Film Review: Hell Bank Presents Running Ghost

Hell Bank Presents: Running Ghost (冥通銀行特約:翻生爭霸戰, Mark Lee, 2020) – Windows  on Worlds

To grow up watching Singaporean films entails growing up watching Mark Lee, and most will recognise Lee for his slapstick humour and jokes that wear its punchline on his sleeve. His name has been etched into the local entertainment stratosphere since his days as a Jack Neo regular. After basking in his omnipresence for the last 2 decades, he’s been transitioning into the directorial field. His latest effort? Hell Bank Presents: Running Ghost.

This marks Lee’s sophomore solo directorial effort since Make it Big Big (2019). Unlike his previous projects, Running Ghost is a Hong Kong production. Perhaps even more notable is how Lee didn’t take an acting role in this. For once, he projects his exuberance from behind the camera, and it more than shines in his direction.

The film kicks off with a promising start. Hiu Kwai (Wong You-nam) wakes up in the underworld post mortem, unaware of how he died. He’s left stranded, waiting in an unbelievably long queue to be reincarnated. He’s left yearning to be reunited with the girl he desires, Bao Yee (Venus Wong), though it’s unclear if the feeling is mutual.

He learns that Hell Bank is organising a variety show called “Running Ghost” (a play on “Running Man”). It’s a “scaring competition” where the victor can regain his previous life in the living world. Armed with the powers of a vengeful spirit, Hiu Kwai re-enters the living world desperately seeking victims, though his initial efforts prove fruitless. Along the way, he meets Ling Kay (Cecilia So), a teenage psychic who agrees to help Hiu Kwai win.

Wong and So’s chemistry is the centrepiece. They’re boosted by a colourful cast of hell-centric supporting characters. On the whole, the film benefits from its foreign setting and Hong Kong cast. There’s a noticeable change of pace from the usual Singapore comedy shtick that we’ve grown accustomed to. Watching a different set of faces was surprisingly refreshing too. 

Evidently, it’s a ghost horror/comedy a la The Haunted Cop Shop (1987) and Happy Ghost (1984). Lee updates the format for the modern day, complete with corny visual effects and shoddy green screens. The flashy motion graphics pair nicely with the neon soaked streets of Hong Kong. Although the incessant use of visual effects can make the film come off as a tech demo.

If Lee excels at anything, it’s world building. The world of Running Ghost humorously mirrors our own, complete with wifi, an e-wallet aptly named “Heli-pay”, and of course, the film’s eponymous variety show. The promise of hellfire and brimstone that comes with the 18th level of Hell is now reduced to self service torture kiosks. Even Joss paper is no longer good here. Suddenly, the underworld doesn’t seem like that bad of a place to be.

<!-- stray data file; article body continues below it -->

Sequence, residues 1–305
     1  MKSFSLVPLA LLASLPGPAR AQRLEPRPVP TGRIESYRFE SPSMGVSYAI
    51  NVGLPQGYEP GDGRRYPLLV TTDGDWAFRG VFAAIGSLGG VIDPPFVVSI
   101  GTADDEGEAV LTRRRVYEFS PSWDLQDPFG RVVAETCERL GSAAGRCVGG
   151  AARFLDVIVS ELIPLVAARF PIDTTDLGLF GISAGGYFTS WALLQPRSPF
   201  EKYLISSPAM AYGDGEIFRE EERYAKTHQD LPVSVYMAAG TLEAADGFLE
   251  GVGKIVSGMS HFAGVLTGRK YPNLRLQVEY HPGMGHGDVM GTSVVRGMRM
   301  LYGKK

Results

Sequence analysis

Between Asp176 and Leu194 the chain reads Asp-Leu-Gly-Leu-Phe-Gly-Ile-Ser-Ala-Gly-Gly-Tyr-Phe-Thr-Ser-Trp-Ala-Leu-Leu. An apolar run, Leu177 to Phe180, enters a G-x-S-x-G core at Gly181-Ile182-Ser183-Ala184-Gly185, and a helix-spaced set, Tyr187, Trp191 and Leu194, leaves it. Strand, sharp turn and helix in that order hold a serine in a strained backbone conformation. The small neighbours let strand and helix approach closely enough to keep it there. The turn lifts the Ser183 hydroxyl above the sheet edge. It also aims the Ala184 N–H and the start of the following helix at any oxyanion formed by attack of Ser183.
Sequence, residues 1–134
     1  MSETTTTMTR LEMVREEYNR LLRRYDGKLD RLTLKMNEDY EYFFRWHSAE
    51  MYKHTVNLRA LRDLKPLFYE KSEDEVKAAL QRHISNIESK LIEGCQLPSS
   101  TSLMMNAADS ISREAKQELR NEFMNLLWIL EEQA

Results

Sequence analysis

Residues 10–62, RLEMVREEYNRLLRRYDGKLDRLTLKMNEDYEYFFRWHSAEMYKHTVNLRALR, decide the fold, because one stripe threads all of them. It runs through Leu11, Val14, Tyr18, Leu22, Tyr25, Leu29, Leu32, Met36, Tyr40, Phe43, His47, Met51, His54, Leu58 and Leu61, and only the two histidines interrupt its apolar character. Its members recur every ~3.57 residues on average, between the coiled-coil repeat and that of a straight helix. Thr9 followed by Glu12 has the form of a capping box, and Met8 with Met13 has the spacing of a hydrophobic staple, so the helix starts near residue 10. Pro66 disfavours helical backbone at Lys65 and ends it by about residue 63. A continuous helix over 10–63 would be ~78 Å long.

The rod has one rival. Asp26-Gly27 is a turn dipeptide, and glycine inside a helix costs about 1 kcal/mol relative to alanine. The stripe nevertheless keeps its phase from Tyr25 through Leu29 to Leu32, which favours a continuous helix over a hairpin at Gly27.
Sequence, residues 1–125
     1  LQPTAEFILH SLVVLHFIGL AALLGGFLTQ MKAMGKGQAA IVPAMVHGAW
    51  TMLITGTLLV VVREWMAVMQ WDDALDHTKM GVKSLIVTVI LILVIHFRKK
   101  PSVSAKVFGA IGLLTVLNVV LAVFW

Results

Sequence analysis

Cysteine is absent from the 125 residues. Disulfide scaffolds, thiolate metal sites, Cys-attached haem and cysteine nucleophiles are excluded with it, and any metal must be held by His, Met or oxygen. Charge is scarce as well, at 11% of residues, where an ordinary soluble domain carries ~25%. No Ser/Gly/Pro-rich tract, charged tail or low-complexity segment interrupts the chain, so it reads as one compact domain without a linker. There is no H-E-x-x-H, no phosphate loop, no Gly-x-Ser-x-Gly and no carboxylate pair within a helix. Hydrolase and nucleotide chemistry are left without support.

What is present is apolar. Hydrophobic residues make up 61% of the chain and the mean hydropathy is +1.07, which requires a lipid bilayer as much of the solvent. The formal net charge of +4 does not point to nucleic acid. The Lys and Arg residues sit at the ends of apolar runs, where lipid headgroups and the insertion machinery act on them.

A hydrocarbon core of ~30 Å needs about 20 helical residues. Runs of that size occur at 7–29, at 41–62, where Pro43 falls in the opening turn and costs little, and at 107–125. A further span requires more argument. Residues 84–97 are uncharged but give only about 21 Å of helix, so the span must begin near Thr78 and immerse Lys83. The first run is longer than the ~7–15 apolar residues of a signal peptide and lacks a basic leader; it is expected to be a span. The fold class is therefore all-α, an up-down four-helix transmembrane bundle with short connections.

Such a fleshed out supernatural setting sets it apart from local comedic contemporaries. It has an identity that you won’t find in most Singaporean comedies.

Unfortunately, even for a foreign production, the apple hasn’t fallen far from the tree. The comedy is still less hit than miss. It’s often interspersed with misplaced romance and melodrama. Dramatic moments are forcibly amplified by slow motion panning shots, flashbacks, cross fades, and a corny Cantopop soundtrack. The way I see it, these moments belong in a mandarin dubbed serial, not so much a feature film.

What’s worse is how ambiguous this film’s target audience is. The film appears split between younger and older audiences. While I understood the religious and cultural subtext, I wasn’t able to grasp every joke, reference or nuance. That’s already coming from someone who had monthly trips to Haw Par Villa as a kid. Yet, the world building and character archetypes seem catered for youth. The very concept of a supernatural ghost comedy is already anachronistic, so I find it hard to imagine this film finding a younger audience.

This isn’t a film to bring your kids to either. A scene featuring a spirit approaching the camera with his testicles is more than enough to dissuade any parent from making Running Ghost a worthy family trip to the movies.

To be fair, I remember the days when my Dad would drag me through the Ten Courts of Hell at Haw Par Villa. He would point at a figurine sawed in half, intestines spilled, and explain what I was in for if I misbehaved or disrespected my elders. While the concept of death and an afterlife were a tad heavy for a 6 year old, they were valuable lessons nonetheless.

The mediums through which such lessons are taught have evolved drastically over the years. Nowadays you’d be hard pressed to find anybody at Haw Par Villa, besides the odd tourist now and then. I suppose Lee’s attempt to update the format for the modern day opens doors for a new generation to learn about Confucian values. Of course, there’s no Singaporean comedian more suitable than Mark Lee to throw a few laughs in the mix while he’s at it. 


Hell Bank Presents Running Ghost is showing in Cathay Cineplexes now.

Previous Post Next Post

Contact Form